The Mononuclear Phagocyte System: Features Relevant to Interactions with Liposomes

  • Siamon Gordon
Chapter
Part of the NATO ASI Series book series (NSSA, volume 300)

Abstract

Macrophages (MØ) and closely related cells of the mononuclear phagocyte system, previously known as the reticulo-endothelial system (RES), are strategically placed in the body to recognise, remove and respond to particulates, as well as macromolecular ligands (Gordon, 1995). They are highly efficient phagocytes by virtue of their expression of a wide range of plasma membrane receptors for opsonised targets, as well as by direct recognition through so-called pattern recognition receptors (Medzhitov and Janeway, 1997). In addition, the cells are rich in cytoskeletal and other intracellular components which enhance their uptake efficiency. Their interactions with any artificial lipid-enveloped particles (eg. liposomes) will be desirable or a nuisance depending on the viewpoint of the investigator, but certainly inevitable, unless steps are taken to interfere with natural recognition mechanisms. The MØ within different organs in contact with blood, or at portals of entry such as the airway, gut or skin vary considerably in their potential for recognition and clearance of altered host, or foreign components. Their differentiation and activation status is also highly relevant to their capacity for clearance, as are the size, composition and route of entry of liposomes. In order to design better liposome-targeting protocols, it is necessary to learn about the basic cell biology of MØ in vitro and their heterogeneous functions in situ. Topics relevant to liposome biotechnology and applications will be considered from the viewpoint of the MØ.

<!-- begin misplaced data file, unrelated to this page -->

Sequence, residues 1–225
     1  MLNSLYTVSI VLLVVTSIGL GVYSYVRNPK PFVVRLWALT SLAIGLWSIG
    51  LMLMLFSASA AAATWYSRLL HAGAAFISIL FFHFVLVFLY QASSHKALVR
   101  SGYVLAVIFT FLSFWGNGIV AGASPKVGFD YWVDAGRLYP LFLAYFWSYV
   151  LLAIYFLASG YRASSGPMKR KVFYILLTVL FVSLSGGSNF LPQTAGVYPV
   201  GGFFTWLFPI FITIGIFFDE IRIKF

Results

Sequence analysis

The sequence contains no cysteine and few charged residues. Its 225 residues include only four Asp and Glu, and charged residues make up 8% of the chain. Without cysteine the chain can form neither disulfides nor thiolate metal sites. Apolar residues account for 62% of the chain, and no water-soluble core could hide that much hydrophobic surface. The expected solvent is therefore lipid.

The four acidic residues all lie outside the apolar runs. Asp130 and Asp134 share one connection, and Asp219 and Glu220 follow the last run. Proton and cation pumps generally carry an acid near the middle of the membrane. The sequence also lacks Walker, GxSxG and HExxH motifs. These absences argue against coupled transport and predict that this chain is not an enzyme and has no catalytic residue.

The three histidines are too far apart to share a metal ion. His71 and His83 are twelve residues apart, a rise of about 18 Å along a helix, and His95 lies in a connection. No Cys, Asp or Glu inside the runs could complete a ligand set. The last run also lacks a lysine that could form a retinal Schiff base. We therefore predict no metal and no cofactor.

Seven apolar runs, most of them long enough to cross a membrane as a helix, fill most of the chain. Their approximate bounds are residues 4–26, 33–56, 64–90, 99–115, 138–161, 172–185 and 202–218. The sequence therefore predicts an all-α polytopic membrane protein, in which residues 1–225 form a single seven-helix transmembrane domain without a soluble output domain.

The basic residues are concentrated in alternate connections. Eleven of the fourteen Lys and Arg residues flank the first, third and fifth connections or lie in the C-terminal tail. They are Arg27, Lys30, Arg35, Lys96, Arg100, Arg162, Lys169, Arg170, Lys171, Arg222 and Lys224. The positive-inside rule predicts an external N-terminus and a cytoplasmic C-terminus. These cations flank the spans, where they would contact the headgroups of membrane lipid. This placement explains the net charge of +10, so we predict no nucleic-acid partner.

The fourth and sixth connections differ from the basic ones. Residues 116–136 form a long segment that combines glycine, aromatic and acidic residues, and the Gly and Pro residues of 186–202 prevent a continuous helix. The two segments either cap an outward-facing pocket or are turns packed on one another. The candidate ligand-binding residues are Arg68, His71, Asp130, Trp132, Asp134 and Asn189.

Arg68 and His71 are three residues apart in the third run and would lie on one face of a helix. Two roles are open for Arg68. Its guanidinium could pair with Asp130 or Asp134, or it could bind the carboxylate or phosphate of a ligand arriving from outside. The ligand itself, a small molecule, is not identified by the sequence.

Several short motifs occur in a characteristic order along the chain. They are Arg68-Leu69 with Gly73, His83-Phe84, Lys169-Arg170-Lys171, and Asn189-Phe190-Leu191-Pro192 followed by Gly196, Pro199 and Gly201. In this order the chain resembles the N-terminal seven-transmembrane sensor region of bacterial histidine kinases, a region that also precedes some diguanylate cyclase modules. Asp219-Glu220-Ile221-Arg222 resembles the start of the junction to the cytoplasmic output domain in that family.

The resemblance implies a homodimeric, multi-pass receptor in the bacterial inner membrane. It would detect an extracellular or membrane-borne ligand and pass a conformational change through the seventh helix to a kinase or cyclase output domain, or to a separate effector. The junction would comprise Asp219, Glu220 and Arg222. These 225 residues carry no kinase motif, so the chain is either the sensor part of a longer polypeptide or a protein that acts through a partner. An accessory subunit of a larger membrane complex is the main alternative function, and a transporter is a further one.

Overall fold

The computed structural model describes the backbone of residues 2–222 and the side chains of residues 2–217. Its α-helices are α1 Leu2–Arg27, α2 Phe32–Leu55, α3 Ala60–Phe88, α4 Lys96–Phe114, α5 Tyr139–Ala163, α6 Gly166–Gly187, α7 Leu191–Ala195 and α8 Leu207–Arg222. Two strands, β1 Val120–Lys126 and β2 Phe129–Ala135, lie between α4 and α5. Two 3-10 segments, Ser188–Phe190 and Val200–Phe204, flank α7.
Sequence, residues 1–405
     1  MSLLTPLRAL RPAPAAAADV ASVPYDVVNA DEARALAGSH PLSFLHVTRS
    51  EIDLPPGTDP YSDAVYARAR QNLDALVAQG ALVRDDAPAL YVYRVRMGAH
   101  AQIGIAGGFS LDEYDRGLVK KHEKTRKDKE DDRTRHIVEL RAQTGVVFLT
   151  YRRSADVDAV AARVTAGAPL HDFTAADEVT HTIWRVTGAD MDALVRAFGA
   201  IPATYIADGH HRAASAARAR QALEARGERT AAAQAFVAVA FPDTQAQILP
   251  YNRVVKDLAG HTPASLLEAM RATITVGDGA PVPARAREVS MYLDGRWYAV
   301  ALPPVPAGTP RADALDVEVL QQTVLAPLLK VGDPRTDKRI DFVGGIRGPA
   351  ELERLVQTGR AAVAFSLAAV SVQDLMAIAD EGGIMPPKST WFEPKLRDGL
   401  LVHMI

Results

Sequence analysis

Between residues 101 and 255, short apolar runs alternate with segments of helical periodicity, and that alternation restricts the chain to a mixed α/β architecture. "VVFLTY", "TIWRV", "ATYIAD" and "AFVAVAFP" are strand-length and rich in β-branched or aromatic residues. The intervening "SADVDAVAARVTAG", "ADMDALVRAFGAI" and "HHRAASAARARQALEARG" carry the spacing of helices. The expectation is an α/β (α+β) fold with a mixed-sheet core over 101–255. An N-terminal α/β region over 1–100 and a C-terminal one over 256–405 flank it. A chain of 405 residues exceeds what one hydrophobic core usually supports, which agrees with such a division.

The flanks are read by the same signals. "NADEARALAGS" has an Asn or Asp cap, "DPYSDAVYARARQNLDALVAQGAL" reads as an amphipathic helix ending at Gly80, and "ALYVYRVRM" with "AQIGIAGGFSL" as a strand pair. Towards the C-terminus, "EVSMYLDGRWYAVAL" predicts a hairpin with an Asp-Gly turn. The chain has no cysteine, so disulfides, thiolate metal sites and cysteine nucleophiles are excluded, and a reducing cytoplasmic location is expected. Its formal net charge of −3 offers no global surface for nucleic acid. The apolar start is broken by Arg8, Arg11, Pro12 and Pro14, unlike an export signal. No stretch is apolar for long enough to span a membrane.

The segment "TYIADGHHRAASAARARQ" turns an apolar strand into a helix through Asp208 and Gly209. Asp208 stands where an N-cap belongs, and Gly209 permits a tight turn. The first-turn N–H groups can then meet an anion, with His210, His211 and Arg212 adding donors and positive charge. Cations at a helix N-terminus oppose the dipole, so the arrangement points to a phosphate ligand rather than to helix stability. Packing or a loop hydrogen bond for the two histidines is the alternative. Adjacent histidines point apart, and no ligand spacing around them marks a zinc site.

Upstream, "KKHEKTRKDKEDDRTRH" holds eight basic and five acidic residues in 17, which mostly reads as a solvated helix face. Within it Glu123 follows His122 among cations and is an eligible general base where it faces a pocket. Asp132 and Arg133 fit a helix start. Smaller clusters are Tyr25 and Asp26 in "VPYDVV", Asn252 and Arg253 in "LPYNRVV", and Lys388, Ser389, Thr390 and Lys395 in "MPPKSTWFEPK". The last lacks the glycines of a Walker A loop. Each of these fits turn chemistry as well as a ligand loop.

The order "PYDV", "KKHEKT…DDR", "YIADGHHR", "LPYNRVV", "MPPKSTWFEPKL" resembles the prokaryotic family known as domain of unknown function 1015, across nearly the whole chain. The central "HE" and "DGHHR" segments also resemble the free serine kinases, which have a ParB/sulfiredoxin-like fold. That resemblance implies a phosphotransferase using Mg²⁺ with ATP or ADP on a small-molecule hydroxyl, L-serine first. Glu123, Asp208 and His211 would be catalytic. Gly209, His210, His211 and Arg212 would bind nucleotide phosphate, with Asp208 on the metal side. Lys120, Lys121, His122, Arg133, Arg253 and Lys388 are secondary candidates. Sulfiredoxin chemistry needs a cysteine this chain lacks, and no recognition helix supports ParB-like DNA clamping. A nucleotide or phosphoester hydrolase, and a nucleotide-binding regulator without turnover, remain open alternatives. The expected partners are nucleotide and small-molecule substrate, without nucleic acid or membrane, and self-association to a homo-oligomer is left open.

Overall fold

Keywords

Scavenger Receptor Mannose Receptor Plasma Membrane Receptor Mononuclear Phagocyte System Experimental Immunology 
These keywords were added by machine and not by the authors. This process is experimental and the keywords may be updated as the learning algorithm improves.

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Copyright information

© Springer Science+Business Media New York 1998

Authors and Affiliations

  • Siamon Gordon
    • 1
  1. 1.Sir William Dunn School of PathologyOxfordUK

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